SALEM, Ore. (AP) – A federal agency has issued a final environmental impact statement on a controversial proposal to build a liquefied natural gas pipeline and marine terminal in Oregon, and it concluded that there would be no significant impact on the state’s waters, wildlife and minimal risk of a pipeline accident.
The proposed marine terminal, in Coos Bay, would allow export of American liquid natural gas to Asia, and would have a 230-mile (370-kilometer) feeder pipeline from an interstate gas hub in southern Oregon’s Klamath County.
The lengthy report by the Federal Energy Regulatory Commission was publicized Friday, a day after protesters flooded into the Oregon State Capitol and staged a sit-in at the governor’s office before police arrested 21 of them for trespassing. The protesters, who demanded that Oregon Gov. Kate Brown take a public stand against the pipeline, were jailed overnight and released early Friday.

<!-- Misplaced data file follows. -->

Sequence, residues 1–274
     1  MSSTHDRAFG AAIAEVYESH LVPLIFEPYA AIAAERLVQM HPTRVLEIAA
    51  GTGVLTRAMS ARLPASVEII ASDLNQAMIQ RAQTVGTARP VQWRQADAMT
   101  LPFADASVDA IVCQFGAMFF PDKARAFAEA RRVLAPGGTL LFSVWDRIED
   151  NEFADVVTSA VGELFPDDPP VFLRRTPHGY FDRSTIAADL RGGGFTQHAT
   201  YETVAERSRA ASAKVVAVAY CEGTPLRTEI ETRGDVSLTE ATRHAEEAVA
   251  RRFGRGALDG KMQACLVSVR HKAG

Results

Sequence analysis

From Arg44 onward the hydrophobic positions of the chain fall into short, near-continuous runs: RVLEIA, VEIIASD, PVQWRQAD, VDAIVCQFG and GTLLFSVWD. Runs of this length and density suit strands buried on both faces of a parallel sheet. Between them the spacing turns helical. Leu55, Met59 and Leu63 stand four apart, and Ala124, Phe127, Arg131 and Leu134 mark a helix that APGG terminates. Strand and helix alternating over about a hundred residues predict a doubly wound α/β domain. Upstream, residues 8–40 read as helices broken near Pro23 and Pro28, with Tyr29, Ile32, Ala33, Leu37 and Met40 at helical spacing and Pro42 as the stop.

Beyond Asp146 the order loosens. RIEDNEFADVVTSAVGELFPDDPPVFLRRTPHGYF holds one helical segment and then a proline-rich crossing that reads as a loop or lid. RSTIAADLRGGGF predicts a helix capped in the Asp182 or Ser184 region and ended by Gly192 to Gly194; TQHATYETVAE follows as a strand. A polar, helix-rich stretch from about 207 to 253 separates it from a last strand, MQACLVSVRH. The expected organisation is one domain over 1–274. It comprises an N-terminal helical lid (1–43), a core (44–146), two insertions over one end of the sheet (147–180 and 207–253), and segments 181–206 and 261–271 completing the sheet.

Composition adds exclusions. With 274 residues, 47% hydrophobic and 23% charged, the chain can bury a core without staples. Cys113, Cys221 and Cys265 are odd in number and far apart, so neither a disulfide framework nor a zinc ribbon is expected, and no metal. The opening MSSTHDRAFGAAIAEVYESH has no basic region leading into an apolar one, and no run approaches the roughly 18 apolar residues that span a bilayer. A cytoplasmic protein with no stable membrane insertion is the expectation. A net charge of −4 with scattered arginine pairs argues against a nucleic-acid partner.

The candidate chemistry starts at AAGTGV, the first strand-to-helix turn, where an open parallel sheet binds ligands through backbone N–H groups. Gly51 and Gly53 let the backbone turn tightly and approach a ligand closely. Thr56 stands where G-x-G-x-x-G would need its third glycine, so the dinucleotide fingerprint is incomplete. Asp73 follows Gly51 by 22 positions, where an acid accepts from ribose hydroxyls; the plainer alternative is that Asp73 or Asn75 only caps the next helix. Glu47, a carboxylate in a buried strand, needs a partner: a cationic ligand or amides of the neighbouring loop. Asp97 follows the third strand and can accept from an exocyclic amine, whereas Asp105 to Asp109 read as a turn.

The demonstrators are opposed to a planned liquefied natural gas pipeline and a marine export terminal in Oregon. They demanded that Gov. Kate Brown publicly oppose the project, which she refused to do.
Southern Oregon Rising Tide, which organized the protest, said the 21 arrested by Oregon State Police spent the night in jail and were out by 5 a.m. Friday. In a statement the Oregon State Police said the 21 were arrested on trespassing charges after being asked to leave.
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